I mentioned in my previous post on the fourth dystopian must have, Loss of Self-Autonomy, that in order for a dystopian to be a true anti-utopia, the very antithesis of a utopia, one of the prerequisites is that the loss of self-autonomy must be socially normal. That means for the average person, normal is not … Continue reading Top 5 ‘Must Haves’ in a Dystopian Novel IV: Police State
There are a lot of things that can be difficult to imagine in a dystopian state. One of the most difficult, especially in our day and age where we are free to do almost anything, and the one which makes a dystopian state so abhorrent to us, is the general loss of self-autonomy except to … Continue reading Top 5 ‘Must-Haves’ in a Dystopian Novel III: Loss of Self-Autonomy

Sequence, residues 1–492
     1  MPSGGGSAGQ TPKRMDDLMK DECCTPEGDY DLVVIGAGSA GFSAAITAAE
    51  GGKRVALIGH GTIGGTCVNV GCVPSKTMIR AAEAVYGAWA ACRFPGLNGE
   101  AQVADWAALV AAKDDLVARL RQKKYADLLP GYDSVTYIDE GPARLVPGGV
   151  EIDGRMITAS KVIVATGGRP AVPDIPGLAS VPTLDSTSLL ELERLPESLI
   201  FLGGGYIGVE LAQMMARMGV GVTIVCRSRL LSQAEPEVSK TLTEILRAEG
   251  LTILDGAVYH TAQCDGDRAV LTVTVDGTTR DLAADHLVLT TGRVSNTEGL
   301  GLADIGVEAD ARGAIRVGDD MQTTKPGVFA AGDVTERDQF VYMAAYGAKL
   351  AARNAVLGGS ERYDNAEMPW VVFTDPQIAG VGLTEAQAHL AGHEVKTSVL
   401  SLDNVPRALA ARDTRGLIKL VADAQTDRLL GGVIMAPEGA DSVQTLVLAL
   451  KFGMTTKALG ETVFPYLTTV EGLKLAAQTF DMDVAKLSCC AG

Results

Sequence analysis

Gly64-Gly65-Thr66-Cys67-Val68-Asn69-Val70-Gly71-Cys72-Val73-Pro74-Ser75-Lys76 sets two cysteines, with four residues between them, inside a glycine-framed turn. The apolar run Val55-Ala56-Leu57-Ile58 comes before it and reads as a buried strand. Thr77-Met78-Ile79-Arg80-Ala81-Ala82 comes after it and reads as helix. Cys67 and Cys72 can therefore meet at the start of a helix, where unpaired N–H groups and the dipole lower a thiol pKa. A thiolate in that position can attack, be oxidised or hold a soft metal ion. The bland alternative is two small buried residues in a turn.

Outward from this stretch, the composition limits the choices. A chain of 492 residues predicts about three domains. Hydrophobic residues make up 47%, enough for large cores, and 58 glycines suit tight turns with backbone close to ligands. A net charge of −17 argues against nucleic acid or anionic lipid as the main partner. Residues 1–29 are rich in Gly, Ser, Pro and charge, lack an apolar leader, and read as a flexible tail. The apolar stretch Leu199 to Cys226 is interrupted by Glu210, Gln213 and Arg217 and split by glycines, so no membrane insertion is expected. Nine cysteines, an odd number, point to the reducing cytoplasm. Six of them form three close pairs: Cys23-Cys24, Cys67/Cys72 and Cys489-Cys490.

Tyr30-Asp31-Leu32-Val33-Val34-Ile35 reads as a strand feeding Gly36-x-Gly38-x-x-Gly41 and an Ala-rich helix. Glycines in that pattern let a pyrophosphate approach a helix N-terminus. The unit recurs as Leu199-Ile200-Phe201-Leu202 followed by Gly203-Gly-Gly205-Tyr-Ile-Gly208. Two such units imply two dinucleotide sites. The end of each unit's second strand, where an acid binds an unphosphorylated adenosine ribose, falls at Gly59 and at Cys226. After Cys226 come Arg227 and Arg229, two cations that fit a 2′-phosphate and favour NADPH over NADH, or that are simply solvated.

I redid the cover on The Ogress' Son because there were too many comments on how it looks like a horror story. :O Not at all what I was going for, but here's the new cover. I likey. And thank heavens for Fiverr, because there was no way I could have gotten a new cover … Continue reading When your genre is dystopian, but your cover says horror….
Every dystopian novel is called dystopian as a juxtaposition to its opposite, a utopia. A utopia is an ideal society. Likewise, a dystopia is premised on an idealization already having been achieved - a world where everyone gets an education, or a world where everyone owns a home, or a world where we all … Continue reading Top 5 ‘Must Haves’ in a Dystopian Novel II: Realization of Idealization
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